As the San Francisco 49ers’ regular season winds down, many sports fans and longtime city residents are preparing their goodbyes to Candlestick Park, which hosts its final regular season game next week and is set to be demolished after more than five decades of use.
Next season, the 49ers will step out of Candlestick and into the state-of-the-art Levi’s Stadium in Santa Clara, a $1.3-billion project that is about 80 percent complete, stadium operations manager Jim Mercurio said today at a media tour of the aging San Francisco facility.
Candlestick Park, situated at the southeastern end of the city in the Bayview-Hunters Point neighborhood, is set to be deconstructed and then demolished by the end of 2014 or early 2015, San Francisco Recreation and Parks Department general manager Phil Ginsburg said.
The 49ers have been playing at the stadium since 1971 and previously shared the space with the San Francisco Giants, who moved in 2000 to their own baseball stadium along the Embarcadero, now named AT&T Park.
The Oakland Raiders used the behemoth structure for their 1961 season.
San Francisco’s parks department has managed the stadium and its operations for the past five decades. San Francisco-based developer Lennar Urban will become the landowner after the team’s last game of the season.
The last game to ever be played at the storied stadium could come Monday when the Niners host the Atlanta Falcons at 5:40 p.m.
There is a small chance, however, that the 49ers will host a playoff game in the NFC Championship, which would make that the final game at the stadium.
The ‘Stick, as it is affectionately known, is full of memories dating back to its opening day in 1960.
Ginsburg said he and other parkS department staff are starting to “get sentimental” about the fast-approaching closure.
“This place has touched so many people,” he said, noting that there have been “lots and lots of iconic moments” beyond sports, including the final full Beatles concert in 1966 and other performances by bands such as Metallica, the Rolling Stones and Ray Charles.
Pope John Paul II stopped by in 1987 and the first pitch at a San Francisco Giants game was thrown in 1960 by then-Vice President Richard Nixon.
Ginsburg recalled his first visit to the park for a Giants baseball game and arriving unprepared in shorts and a T-shirt for the stadium’s notorious windy and cold conditions.
Although the stadium will soon be shuttered for football games, in the next eight months the parks department will continue to host activities and events there, such as concerts and youth programming, he said.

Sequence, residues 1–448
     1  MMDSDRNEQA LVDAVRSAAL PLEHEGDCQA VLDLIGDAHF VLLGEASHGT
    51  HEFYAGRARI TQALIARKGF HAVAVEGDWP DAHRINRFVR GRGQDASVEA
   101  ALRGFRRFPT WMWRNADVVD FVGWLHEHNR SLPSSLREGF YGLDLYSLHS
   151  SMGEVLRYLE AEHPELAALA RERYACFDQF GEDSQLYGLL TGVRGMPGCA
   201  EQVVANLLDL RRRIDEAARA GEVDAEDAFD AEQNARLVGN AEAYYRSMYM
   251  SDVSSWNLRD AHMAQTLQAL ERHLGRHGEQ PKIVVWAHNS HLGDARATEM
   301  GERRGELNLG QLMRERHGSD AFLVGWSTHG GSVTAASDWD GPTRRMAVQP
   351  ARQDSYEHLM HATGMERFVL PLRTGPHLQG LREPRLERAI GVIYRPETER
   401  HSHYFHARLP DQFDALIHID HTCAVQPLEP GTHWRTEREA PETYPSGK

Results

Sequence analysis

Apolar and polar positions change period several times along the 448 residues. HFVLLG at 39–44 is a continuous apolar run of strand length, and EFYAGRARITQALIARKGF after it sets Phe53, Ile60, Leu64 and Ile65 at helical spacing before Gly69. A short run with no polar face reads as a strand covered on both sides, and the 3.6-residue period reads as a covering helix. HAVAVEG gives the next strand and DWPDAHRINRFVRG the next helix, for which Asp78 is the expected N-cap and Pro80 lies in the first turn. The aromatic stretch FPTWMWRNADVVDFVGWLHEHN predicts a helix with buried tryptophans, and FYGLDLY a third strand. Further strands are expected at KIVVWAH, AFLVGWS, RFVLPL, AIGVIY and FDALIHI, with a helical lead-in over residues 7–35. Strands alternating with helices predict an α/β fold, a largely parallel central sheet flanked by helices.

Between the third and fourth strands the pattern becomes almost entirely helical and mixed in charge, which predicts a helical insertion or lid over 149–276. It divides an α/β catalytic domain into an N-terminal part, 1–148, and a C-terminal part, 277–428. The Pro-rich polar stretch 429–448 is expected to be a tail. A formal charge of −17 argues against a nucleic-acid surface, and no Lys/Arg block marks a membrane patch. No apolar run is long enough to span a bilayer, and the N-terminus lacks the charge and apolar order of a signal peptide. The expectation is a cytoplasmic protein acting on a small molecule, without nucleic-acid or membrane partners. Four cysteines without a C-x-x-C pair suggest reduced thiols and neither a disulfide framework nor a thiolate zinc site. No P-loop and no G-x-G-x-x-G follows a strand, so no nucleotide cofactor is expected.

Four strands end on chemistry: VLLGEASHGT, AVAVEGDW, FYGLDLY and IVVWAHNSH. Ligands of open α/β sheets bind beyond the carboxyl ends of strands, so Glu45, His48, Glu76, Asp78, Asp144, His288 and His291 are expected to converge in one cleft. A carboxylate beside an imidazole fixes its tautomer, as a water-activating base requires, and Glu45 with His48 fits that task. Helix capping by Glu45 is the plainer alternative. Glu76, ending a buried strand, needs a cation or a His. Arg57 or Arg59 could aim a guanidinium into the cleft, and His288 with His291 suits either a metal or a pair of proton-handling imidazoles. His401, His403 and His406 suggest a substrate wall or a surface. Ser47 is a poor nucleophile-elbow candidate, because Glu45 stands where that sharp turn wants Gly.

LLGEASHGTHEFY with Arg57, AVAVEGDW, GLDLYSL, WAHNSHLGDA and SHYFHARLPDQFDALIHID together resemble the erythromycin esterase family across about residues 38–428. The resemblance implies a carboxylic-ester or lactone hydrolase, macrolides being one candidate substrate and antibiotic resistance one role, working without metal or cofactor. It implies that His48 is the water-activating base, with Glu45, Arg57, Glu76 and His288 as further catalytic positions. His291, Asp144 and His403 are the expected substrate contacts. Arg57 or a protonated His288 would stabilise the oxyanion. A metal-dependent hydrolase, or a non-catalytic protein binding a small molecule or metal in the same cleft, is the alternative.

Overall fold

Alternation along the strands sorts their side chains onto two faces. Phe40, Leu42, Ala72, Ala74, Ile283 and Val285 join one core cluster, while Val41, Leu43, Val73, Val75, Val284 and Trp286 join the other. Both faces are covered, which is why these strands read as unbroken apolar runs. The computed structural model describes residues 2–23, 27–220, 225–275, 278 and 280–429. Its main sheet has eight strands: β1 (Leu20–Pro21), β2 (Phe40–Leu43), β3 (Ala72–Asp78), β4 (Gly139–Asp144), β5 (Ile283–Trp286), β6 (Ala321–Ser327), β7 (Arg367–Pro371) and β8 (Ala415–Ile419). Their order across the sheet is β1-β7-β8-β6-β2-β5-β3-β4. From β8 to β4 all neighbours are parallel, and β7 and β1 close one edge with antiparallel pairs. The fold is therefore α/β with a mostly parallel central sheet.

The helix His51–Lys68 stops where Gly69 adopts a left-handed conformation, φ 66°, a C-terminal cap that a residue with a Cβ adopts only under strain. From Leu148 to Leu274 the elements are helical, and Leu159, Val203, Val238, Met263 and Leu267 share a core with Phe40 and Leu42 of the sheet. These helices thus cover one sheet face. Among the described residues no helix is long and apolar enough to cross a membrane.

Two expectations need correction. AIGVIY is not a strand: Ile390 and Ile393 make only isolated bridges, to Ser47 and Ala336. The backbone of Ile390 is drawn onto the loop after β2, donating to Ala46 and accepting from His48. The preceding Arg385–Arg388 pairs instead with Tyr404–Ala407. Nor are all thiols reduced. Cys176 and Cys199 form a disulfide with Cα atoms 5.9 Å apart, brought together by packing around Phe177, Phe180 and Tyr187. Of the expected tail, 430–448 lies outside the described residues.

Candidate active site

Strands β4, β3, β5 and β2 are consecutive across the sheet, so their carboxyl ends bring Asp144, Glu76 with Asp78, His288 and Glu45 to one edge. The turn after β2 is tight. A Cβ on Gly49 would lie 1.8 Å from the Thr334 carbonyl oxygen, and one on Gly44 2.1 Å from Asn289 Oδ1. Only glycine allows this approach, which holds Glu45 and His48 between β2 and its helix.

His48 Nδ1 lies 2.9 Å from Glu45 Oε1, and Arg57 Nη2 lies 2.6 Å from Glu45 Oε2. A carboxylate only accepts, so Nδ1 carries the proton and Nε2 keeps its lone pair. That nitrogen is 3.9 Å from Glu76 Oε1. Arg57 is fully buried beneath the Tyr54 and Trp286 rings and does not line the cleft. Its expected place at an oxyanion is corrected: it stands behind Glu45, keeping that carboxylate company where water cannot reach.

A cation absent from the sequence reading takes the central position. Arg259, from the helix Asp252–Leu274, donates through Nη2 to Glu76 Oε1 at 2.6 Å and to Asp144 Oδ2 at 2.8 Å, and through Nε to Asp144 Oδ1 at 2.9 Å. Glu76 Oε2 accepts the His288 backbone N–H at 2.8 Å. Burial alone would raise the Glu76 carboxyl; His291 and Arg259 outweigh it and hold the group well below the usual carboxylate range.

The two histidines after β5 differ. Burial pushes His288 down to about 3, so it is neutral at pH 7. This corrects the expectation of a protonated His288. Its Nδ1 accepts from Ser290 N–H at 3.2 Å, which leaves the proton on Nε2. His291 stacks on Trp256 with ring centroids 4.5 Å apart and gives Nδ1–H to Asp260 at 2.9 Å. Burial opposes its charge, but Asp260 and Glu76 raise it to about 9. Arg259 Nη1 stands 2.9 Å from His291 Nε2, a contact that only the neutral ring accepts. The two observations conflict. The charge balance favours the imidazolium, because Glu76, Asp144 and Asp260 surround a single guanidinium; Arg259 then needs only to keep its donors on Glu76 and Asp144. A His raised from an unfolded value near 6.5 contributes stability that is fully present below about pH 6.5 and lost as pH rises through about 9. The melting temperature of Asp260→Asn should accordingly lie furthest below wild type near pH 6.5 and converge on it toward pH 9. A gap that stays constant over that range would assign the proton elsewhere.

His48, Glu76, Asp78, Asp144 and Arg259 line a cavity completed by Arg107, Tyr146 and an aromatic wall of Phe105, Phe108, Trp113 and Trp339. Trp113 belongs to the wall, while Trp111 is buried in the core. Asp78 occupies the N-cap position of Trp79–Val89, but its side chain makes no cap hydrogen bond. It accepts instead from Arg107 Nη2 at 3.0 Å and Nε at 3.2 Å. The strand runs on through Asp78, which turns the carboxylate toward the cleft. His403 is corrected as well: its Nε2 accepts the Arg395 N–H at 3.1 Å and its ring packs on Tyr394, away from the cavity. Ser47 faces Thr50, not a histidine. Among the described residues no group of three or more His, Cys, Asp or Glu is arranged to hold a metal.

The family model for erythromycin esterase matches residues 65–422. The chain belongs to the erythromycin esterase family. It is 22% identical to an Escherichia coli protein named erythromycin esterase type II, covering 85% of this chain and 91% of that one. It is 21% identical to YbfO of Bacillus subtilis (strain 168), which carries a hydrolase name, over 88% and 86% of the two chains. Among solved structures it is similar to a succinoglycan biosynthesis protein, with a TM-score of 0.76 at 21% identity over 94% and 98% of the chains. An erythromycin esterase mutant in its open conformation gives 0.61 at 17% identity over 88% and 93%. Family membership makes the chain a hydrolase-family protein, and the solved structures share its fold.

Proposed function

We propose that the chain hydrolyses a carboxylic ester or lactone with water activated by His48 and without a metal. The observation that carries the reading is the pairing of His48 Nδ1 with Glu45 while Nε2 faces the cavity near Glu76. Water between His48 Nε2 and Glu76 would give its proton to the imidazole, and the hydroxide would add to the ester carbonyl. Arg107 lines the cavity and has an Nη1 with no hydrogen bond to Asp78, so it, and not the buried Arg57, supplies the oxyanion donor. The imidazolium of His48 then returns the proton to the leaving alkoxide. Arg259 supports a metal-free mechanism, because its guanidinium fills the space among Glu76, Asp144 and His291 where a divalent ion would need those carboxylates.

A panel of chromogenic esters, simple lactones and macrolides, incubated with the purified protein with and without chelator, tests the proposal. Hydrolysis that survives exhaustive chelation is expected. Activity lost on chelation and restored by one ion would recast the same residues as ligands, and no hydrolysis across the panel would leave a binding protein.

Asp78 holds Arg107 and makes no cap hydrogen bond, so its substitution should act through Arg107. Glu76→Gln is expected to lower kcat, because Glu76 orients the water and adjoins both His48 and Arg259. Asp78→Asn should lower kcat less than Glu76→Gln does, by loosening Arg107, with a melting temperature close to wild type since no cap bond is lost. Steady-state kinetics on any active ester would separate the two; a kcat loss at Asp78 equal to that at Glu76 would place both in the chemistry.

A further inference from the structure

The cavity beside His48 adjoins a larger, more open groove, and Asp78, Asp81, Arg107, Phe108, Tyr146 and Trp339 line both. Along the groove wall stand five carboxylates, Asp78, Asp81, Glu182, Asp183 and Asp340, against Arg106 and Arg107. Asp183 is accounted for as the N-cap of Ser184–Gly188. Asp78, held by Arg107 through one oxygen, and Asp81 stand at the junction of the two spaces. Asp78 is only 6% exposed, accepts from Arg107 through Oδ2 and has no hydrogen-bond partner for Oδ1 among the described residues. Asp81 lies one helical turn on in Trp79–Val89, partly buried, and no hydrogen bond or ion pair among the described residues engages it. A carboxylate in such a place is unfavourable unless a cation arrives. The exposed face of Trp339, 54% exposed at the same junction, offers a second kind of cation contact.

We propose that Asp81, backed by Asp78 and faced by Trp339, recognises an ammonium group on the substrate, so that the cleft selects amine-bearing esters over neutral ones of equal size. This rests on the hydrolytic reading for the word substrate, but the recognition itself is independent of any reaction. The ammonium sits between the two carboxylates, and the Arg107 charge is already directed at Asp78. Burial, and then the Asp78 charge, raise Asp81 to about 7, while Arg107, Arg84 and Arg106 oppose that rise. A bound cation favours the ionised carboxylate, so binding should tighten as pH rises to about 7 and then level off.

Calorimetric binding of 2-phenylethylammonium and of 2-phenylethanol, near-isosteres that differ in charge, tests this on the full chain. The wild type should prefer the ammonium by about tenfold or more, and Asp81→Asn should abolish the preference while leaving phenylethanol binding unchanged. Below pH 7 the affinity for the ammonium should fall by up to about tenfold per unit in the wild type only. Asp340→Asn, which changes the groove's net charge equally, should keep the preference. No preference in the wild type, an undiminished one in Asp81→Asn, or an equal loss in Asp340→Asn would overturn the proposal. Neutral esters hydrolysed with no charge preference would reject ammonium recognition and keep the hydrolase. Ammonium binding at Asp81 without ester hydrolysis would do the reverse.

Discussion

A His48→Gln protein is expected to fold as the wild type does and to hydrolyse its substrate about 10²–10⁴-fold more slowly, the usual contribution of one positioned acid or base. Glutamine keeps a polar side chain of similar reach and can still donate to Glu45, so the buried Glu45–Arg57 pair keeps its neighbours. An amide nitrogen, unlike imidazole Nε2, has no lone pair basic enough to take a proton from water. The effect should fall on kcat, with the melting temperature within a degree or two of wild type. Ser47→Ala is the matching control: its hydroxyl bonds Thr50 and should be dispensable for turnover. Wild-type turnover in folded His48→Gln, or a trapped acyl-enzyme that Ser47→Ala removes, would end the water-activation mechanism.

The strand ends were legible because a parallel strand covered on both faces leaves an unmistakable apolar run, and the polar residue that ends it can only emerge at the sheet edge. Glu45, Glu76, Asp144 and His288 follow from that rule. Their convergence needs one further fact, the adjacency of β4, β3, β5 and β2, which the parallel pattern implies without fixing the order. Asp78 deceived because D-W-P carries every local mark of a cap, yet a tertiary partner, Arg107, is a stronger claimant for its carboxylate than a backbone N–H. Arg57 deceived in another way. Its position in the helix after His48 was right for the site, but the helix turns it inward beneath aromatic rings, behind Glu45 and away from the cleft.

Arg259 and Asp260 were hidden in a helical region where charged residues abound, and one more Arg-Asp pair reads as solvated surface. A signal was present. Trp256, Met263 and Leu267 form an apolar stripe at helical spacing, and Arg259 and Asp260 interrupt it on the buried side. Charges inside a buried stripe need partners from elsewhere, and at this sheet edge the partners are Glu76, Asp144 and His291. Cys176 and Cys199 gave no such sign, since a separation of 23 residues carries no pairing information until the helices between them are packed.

A final community farewell event will be held next summer, with details forthcoming, Ginsburg said.
Locker room manager Bob Mallamo said the Santa Clara stadium will provide upgraded facilities for fans and players, but “it doesn’t have the history.”
Mallamo, who is in charge of the 49ers’ locker room and the visiting locker room next-door, said “it’s hard to walk away from this” and admitted he’s having a difficult time with the transition.
The move will be bittersweet, he said. The new visitors’ locker room will be two times bigger, putting an end to the common complaint that there’s “no place to relax,” he said.
He called the new space “phenomenal.”
In San Francisco, quarters are cramped for the players, with equipment stored in the showers. The new stadium will be “more professional,” he said.
Mercurio said “it’s time” for the move to Santa Clara, where the weather is warmer and the facilities will be more welcoming based on its layout, public transit and parking.
“It’s quite an experience for fans and players,” he said.
However, Mercurio said “a lot of character and history” at Candlestick will be missed.
Even with the team playing in Santa Clara, Mercurio said, “It won’t negate the fact that we love San Francisco.”
Mike Gay, the stadium’s chief engineer, said operations this season have been too busy to dwell on the upcoming move and staffing changes.
He led a tour of the dugout, field and stands, pointing out the spot in the north end zone where “The Catch” occurred in 1982, when Joe Montana threw a winning pass to Dwight Clark in the NFC Championship game against the Dallas Cowboys.
As Gay walked along the field, he noted that even the grass had its own history, switching from artificial turf in the 1970s to Kentucky bluegrass natural grass in 1979 and its latest iteration as more water-friendly Bermuda grass.
Memories of Jerry Rice careening into the sidelines and other football greats gracing the field were mentioned as stadium staff reminisced during today’s tour.
As part of the farewell season, Monday’s game will include a send-off and segue to “what’s coming next” in Santa Clara, Mercurio said.
The 49ers are 10-4 so far this year and would be one of the NFC’s six playoff teams if the season ended today.
The team has also set up a website, www.farewellcandlestick.com, for fans to share their memories of the stadium.
Sasha Lekach, Bay City News